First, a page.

As we all take a moment in lives that are full, busy, and often unaware of the importance of the most important things—home, faith, honor, the teaching of our truths to our children—on this Thanksgiving weekend, the words of Alan Paton’s Cry, the Beloved Country touch us with even greater resonance.
We travel through the worlds of two fathers who have lost two sons … a homeland that has lost its soul … and the hope and miracle of renewal out of devastating tragedy.
Paton’s simple, poetic words speak volumes, as Jarvis the father discovers his son—too late—and, as Kumalo the father mourns the lost son he fears he has not sent into the world prepared. The lessons of the fathers, taught through the tragedy of the sons. It is Paton’s ode to life.
We see heartbreakingly through Absalom’s terrible destiny that truth does not always bring justice. Through the tragedies of both Kumalo and Jarvis, we see that it is only awareness that can bring redemption. And through the acts of small children, we see that redemption can be built from the remains of sheer devastation.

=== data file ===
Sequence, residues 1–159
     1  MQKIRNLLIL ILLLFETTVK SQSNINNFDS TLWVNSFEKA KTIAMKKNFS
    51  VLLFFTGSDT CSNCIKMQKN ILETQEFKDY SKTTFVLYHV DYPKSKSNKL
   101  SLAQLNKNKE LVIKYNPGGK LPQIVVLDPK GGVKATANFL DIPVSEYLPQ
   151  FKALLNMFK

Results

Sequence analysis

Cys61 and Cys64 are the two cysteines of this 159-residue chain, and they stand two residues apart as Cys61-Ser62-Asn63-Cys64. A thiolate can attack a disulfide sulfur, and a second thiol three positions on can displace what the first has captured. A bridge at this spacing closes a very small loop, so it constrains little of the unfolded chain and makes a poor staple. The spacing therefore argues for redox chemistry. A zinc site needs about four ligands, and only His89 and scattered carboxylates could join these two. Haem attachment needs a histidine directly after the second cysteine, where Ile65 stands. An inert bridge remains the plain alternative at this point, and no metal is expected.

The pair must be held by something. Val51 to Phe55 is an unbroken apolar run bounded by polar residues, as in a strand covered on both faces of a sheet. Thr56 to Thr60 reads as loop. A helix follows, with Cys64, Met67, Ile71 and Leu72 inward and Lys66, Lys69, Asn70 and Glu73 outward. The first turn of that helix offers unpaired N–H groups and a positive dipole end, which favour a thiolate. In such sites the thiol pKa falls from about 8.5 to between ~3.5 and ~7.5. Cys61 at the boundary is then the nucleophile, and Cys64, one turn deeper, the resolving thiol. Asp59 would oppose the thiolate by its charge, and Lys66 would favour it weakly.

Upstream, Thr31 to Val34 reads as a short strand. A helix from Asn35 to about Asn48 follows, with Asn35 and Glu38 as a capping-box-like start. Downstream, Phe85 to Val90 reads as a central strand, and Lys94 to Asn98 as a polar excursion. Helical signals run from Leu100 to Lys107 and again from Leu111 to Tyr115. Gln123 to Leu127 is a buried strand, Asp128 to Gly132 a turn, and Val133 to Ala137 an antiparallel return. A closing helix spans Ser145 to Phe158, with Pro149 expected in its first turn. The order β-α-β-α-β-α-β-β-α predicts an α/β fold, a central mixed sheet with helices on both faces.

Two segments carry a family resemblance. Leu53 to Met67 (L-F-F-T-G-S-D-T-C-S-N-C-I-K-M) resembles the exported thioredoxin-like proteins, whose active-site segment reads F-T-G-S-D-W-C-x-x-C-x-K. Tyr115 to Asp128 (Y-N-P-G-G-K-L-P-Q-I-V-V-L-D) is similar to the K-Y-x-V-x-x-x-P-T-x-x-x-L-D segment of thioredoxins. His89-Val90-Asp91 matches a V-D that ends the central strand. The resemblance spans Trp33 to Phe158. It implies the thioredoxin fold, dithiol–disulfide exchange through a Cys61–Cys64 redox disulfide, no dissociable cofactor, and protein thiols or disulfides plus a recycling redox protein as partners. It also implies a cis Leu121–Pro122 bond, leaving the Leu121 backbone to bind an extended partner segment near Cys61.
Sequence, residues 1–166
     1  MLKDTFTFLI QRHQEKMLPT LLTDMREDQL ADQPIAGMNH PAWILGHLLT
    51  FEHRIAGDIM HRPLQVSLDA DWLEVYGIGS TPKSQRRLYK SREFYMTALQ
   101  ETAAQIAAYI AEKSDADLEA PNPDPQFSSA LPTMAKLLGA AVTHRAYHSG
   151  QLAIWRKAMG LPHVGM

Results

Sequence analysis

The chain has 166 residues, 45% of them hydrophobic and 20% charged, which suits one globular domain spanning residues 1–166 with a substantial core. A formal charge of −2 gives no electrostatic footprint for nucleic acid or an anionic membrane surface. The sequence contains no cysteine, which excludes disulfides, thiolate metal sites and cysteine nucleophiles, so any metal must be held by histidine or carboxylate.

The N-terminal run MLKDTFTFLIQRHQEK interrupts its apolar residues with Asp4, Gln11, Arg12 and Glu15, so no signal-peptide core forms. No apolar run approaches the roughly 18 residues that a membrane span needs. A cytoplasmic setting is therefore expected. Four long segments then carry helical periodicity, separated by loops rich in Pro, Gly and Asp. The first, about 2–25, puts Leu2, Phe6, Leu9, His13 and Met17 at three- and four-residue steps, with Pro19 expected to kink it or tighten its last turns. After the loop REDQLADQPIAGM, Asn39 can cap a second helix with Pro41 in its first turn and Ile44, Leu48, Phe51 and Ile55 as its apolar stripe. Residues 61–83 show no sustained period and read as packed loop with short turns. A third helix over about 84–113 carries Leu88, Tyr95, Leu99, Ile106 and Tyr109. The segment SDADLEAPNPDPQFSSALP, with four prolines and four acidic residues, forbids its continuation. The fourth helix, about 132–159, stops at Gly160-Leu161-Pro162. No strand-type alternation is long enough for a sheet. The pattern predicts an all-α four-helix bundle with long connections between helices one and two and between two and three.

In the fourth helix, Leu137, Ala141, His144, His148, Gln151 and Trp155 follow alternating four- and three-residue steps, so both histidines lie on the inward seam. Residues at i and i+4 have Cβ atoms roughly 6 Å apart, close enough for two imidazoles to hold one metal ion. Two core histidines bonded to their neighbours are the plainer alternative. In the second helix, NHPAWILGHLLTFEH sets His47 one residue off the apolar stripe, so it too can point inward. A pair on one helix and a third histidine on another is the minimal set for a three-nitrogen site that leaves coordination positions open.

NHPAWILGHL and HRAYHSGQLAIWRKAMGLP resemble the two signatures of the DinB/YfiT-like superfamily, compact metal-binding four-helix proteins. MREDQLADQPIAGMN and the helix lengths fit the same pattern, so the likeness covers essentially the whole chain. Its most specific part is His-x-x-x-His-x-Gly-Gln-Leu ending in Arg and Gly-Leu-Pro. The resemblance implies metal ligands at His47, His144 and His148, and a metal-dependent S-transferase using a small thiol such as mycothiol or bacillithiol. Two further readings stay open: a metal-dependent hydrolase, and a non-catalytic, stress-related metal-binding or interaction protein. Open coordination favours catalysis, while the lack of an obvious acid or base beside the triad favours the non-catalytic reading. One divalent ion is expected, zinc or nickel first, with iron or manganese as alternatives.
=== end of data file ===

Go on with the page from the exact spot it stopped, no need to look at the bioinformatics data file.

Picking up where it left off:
When Jarvis’ grandson visits Kumalo and returns with a gift of milk, having learned that the children of the valley have none, we see a light of hope. The black pastor Kumalo teaches the young white boy how to speak Zulu. A bridge is built…and the renewal of the homeland begins.
Kumalo also begins to pray for the restoration of his beloved Ntodsheni. As his prayers seek renewal for the people of his homeland, he receives a final letter from his lost son—a letter that expresses, with terrible power, just how much has been lost:
“I think of you all at Ndotsheni, and if I were back there I should not leave it again” (pg 274). His few simple words are a tragic farewell to the land of his father’s prayers.
The journey of life and the awesome drama of South Africa, Paton tells us, is a journey through pain and fear to a place of love and faith. It is a journey with no end, only cycles of truth, mistakes, and renewal. It is the journey of each human …it is the journey of Paton’s country.
In the end, only an awareness of generosity, of self, of “home” in the deepest sense of the word, can bring renewal. On the morning of his son’s execution, Kumalo’s prayer, atop the mountain that has given him solace in the most crucial moments of his life, speaks volumes about awareness and faith, possibility and truth. In fact, his prayer speaks of miracles.